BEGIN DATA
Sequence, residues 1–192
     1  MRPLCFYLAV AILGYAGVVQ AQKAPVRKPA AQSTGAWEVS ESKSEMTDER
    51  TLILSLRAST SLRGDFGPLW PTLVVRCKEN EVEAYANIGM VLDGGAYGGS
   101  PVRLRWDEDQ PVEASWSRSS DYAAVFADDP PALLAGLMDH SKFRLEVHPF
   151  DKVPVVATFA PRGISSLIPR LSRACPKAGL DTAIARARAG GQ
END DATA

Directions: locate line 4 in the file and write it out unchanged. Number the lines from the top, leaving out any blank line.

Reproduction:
   101  PVRLRWDEDQ PVEASWSRSS DYAAVFADDP PALLAGLMDH SKFRLEVHPF